My only complaint would be that sometimes Enzo’s word choice was just way too sophisticated for a dog. He does say repeatedly throughout the book that he has the spirit of a human and he knows in his next life he will be a human, so he’s supposed to be smarter than the average dog. However, even that, I felt like he was too wordy at some times.

This book really struck me, since I’m such a dog lover, and overall I did really like the story. When Enzo’s owner Denny was in bad situations, I was rooting for him and relating to Enzo’s emotions. And, without giving it away, I thought the ending was really cute.

I’d definitely recommend this book to anyone who loves dogs, just be warned that you’ll probably be crying at some point.

P.S. Don’t forget to check out my Instagram page that goes along with this site, @beccasbookshelves (and my personal page @becc.adams)!

52. Nick Offerman – Paddle Your Own Canoe

Whoa, sorry I haven’t posted in a while! It’s partly because my last book took me forever to get through, and also partly because I’m just lazy.

I read this last book partly over my Thanksgiving break (which was nice, it was sooo good to be home!) and then finished it last weekend. IMG_7680

The book was Paddle Your Own Canoe, a *sort-of* memoir by Nick Offerman, aka Ron Swanson from Parks and Rec.

I loved Parks and Rec, and if you’ve been with me for a while you know that I love reading memoirs by comedians.

However, I was disappointed with this book. It was just boring to me. Sure, there were some funny parts, but for me they were few and far between.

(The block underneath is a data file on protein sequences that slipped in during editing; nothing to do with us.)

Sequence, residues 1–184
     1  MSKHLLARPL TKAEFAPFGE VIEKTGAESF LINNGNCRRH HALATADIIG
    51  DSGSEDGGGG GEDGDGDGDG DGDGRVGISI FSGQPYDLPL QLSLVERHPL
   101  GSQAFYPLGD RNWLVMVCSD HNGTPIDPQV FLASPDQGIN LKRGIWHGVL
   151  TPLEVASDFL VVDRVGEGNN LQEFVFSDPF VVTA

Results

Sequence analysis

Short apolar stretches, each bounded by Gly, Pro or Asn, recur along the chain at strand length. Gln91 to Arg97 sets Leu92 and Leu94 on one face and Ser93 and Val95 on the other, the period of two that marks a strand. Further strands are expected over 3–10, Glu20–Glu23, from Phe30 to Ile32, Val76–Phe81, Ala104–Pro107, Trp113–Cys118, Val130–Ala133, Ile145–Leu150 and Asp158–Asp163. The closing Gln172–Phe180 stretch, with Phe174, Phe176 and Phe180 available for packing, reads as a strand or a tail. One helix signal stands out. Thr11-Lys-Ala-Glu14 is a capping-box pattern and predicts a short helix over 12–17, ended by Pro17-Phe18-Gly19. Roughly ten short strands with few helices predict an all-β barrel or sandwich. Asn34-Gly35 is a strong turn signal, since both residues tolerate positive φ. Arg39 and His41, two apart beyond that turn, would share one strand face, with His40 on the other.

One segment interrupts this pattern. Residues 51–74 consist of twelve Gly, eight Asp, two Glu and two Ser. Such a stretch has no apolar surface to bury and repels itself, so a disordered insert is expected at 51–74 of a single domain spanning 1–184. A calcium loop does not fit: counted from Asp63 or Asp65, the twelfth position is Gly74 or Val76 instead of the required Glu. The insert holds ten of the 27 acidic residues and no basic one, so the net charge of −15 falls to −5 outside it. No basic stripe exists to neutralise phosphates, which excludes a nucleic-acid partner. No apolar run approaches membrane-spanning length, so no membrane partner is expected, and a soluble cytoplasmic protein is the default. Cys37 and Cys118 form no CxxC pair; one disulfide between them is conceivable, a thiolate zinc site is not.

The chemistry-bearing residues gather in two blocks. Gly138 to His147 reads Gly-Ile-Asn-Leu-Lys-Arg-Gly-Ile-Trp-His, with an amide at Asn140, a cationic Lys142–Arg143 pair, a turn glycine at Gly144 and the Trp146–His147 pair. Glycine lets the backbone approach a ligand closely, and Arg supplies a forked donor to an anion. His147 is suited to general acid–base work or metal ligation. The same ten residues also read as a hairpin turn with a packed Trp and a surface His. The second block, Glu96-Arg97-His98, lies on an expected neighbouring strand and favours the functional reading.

I was expecting more humor, but it kind of felt like it was full of too-big words.

He spent a lot of time telling the story of how he grew up to be a comedian (understandably), but those parts got pretty boring for me. I liked when he talked about his more recent years with his wife, but that was only a part of the book.

I think a lot of people think that Ron Swanson and Nick Offerman are one in the same, but of course they are not. They may have some similarities, but if you’re thinking of reading this book just because you love Ron Swanson, I would not recommend it.

I’m sure there are people who enjoy this book, but it just dragged on for me. I was mostly reading it just to get it over with, because I’m almost never a book quitter (there was one book I started reading this summer that was so bad I never finished it).

Anyway, I just don’t really have anything to say about this book. I had high hopes for it to at least entertain me but it barely even did that most of the time, sadly.

 

51. Matthew Quick – Silver Linings Playbook

Hey hey! This weekend I went to New York with my boyfriend to celebrate his birthday! It was super fun, but also meant two bus rides, aka plenty of reading time.

I finished Silver Linings Playbook, which I’ve been curious to read for a while. I really liked the movie, and I heard that a lot had been left out from the book, so I was a little nervous to read it. Usually if I see the movie first, I don’t like the book as much, and I was afraid that would happen with this one.

I’m sure most people know the story of Silver Linings Playbook, but I’ll still go over it anyway.

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Matthew Quick – Silver Linings Playbook (photo taken by me)

So, the narrator of the book is a guy in his thirties named Pat. At the start of the book, Pat’s mom gets him released from a mental health facility and takes him home to live with her. Throughout the book, we follow Pat’s struggle to reenter society and deal with his thoughts while also learning what happened that made him end up in the facility.

After he gets out, Pat is determined to better himself to win his wife back, since she has refused to see him since he left for the “bad place”, so he spends most of his time obsessing over that.